The Earliest Appearance of Tarot
Tarot Crosses All Boundaries
Since that time it has been linked with almost every magical system or religion known to humankind. The Tarot is comprised of archetypal images that cross linguistic, cultural, geographical, and temporal barriers. In the United States of America, the Tarot became popular and more readily available in the 1960's, when a period of exploration in spirituality began.
Modern Day Tarot Decks
In the opinion of many learned Tarot enthusiasts, the most significant change the deck has experienced is Smith's treatment of the Minor Arcana. Hers are the first "pip" cards to contain images depicting the meaning of the cards. These graphics allow readers to explain the significance of each cards nuance to querents who, in most cases, have never encountered the cards before. This artistic trend can be traced through the majority of the decks produced after the Rider-Waite (1910), and Smith's influence is readily recognized, as many of the images echo her drawings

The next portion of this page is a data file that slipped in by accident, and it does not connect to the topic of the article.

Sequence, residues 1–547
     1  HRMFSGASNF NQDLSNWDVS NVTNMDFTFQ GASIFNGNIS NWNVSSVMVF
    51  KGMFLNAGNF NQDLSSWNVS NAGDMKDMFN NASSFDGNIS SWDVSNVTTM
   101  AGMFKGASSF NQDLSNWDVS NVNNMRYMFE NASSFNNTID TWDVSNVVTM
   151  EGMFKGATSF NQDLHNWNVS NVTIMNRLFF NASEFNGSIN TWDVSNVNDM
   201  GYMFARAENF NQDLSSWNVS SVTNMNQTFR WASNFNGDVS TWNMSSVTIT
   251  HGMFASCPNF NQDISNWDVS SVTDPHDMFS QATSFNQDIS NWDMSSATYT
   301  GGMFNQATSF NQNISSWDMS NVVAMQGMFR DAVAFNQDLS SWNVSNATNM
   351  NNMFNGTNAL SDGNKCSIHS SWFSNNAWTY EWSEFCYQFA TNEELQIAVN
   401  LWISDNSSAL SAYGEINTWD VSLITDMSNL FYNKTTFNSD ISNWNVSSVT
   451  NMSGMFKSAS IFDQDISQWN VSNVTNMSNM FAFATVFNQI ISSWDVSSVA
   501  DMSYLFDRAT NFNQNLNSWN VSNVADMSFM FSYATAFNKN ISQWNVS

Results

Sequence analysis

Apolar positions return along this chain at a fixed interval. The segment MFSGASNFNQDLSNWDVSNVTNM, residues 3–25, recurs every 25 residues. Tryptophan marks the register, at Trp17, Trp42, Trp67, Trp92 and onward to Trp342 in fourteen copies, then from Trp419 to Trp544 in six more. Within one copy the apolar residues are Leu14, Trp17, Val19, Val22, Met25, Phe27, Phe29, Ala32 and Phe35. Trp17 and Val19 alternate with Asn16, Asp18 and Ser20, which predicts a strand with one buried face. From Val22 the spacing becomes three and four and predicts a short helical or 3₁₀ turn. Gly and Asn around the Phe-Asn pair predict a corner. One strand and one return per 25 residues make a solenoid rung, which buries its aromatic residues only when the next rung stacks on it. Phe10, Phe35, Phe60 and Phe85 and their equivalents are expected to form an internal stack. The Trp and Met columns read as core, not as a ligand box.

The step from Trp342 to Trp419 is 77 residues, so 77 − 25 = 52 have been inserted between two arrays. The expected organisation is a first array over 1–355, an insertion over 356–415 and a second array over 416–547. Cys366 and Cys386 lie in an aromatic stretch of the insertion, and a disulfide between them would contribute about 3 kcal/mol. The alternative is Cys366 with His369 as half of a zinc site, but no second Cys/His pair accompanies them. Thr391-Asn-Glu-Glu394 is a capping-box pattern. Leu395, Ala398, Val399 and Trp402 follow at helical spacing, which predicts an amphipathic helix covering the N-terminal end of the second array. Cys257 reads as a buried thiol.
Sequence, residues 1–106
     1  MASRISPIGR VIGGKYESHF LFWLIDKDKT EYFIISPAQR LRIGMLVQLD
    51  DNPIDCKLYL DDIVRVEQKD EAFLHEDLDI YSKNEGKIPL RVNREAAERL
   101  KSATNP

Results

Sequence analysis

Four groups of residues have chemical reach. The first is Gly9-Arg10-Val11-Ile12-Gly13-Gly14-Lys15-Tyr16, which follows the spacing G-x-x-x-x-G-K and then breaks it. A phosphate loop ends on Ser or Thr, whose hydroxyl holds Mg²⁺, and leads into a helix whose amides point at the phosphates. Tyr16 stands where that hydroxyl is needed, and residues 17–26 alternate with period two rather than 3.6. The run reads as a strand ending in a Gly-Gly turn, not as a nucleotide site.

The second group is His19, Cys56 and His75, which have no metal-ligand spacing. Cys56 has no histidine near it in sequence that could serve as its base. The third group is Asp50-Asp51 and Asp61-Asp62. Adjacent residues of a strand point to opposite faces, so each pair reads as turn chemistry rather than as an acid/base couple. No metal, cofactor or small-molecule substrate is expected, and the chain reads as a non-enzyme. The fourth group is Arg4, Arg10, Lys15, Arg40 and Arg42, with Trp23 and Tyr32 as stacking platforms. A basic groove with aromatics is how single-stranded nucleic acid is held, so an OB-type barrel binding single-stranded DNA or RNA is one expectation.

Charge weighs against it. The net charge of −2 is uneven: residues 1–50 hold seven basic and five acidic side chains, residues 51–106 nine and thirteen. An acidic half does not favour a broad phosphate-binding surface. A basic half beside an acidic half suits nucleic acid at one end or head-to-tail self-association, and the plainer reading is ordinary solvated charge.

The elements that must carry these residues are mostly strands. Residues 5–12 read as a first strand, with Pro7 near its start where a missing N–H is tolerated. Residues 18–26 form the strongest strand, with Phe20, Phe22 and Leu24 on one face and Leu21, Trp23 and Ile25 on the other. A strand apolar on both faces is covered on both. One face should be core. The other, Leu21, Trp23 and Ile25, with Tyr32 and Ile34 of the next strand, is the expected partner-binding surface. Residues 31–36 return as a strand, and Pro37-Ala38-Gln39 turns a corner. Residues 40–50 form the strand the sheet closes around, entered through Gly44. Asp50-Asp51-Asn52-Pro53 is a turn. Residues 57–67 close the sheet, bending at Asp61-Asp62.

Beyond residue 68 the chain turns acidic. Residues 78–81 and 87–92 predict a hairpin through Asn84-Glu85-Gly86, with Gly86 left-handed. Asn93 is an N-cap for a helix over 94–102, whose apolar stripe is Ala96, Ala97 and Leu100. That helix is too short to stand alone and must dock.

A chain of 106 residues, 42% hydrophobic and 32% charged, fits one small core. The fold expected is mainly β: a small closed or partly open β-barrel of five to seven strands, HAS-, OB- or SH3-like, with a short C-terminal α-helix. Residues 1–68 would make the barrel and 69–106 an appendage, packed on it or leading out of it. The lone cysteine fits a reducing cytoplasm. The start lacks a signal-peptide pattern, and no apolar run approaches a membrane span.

Today's Tarot card designs reflect specific trends in sexuality, religion, culture, and philosophy. There are literally hundreds of interpretations, and more are being conceived as you read this. The diversity of the styles allows Tarot Readers to choose a deck that suits their personalities, the subject of the reading, the person receiving the reading, or any other variable as they so choose. Certain decks have a serious tone, some have a dream-like quality, others are full of fun cartoon images. The true beauty lies in the Tarot's ability to retain its "soul" through each metamorphosis and incarnation. It is, on many levels, a mirror of those who work with it, and allows them to make each reading a truly personal experience.
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